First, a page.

Poor broadband is already recognised as a problem, and is being tackled by a group of villagers aiming to secure the best possible outcome for the parish.

The original concept behind Home Barns was to provide properties designed specifically for home workers. In practice it didn’t work out that way but the idea is still sound.

The provision of ‘start-up units’ was examined as a possibility when the Sungard site was empty. Such a building could also have acted as a central hub with a ‘hot desk’ facility to rent by the day, rooms that could be booked for meetings, and a coffee machine to chat and network over. Unfortunately, the possible operator felt that the financial case was not strong enough at that time. The need is still there but that particular opportunity has gone.

Support for Local Enterprise

In this time of hard-pressed households and ‘two for one’ offers in supermarkets, it is inevitable that people from the Parish will take advantage of the prices that large suppliers can offer. We can help our Marshfield economy by buying goods and services locally whenever we can and there are ways to encourage customers:

  • One idea that has been suggested is to have a local branding or logo that all Marshfield based enterprises can use so that we all know that their goods and services have a local provenance.
  • On this website is a new Parish Directory, solely for Marshfield based activities. Local-Local are already doing this.
  • Local businesses could help each other through some sort of regular forum where owners can come together to exchange ideas for mutual benefit.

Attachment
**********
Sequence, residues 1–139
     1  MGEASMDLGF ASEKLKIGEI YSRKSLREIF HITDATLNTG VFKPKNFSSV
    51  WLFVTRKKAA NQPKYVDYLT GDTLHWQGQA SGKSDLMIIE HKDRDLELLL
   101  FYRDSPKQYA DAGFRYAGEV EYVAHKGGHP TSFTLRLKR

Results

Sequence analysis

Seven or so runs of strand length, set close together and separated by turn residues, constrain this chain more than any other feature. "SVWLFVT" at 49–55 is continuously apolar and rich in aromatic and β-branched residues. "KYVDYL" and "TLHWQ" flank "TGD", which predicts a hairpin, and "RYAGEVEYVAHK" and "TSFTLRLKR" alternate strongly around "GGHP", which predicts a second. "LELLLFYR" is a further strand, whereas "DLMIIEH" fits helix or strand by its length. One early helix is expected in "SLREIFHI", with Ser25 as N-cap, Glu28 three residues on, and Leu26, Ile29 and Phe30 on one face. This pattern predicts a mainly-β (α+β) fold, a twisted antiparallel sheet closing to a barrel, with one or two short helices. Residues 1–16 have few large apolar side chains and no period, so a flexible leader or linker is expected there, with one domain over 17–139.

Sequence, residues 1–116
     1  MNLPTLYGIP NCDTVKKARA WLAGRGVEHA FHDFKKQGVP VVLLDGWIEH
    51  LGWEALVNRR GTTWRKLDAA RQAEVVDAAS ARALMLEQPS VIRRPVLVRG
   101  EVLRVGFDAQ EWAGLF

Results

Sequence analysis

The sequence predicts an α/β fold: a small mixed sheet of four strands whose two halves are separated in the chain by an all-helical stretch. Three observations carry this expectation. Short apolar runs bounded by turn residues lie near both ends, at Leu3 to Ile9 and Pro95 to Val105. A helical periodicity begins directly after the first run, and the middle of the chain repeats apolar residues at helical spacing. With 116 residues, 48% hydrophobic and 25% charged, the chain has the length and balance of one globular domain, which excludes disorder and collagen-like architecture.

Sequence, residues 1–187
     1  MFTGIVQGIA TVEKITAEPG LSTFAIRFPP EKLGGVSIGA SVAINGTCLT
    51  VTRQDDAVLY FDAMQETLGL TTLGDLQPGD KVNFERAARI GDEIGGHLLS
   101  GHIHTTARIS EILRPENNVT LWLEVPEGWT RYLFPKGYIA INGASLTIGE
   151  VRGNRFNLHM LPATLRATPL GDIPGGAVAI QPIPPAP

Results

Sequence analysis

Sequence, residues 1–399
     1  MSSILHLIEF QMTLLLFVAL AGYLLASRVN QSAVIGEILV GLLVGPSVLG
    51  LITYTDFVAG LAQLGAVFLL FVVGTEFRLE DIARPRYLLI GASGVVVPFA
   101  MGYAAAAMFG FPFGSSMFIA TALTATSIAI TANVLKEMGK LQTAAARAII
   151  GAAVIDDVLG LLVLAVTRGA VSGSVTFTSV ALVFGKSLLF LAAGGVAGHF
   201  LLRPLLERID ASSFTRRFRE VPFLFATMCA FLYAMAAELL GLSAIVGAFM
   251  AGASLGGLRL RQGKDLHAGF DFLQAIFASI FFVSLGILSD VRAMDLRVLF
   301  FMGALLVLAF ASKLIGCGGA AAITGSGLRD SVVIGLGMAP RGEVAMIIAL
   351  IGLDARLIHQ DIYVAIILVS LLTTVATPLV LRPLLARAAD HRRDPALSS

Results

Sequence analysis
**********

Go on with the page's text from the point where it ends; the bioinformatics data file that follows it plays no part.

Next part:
Outside the Centre

The previous sections have mainly considered the economy of the village and some outlying premises but the village is set within a working agricultural landscape. There are still some 19 farms which have the farm house in the Parish. All bar one are thought to be owned rather than tenanted. Other farms and landowners own land within the Parish boundary including Jarretts (a slaughterhouse in Oldland Common) and the Badminton Estate. There are a few areas of land around the village classified as sites of special scientific interest.

The 1973 Parish Plan says, ‘The area is predominantly one of arable farming. The land immediately surrounding Marshfield has been graded by the Minister of Agriculture, Fisheries and Food as Grade 3 agricultural land with valley bottoms Grade 4. Farm holdings are generally fragmented, several being farmed from within Marshfield itself. A considerable area of land in the locality together with Home Farm situated on Hay Street is vested in the County Council for small-holding purposes.’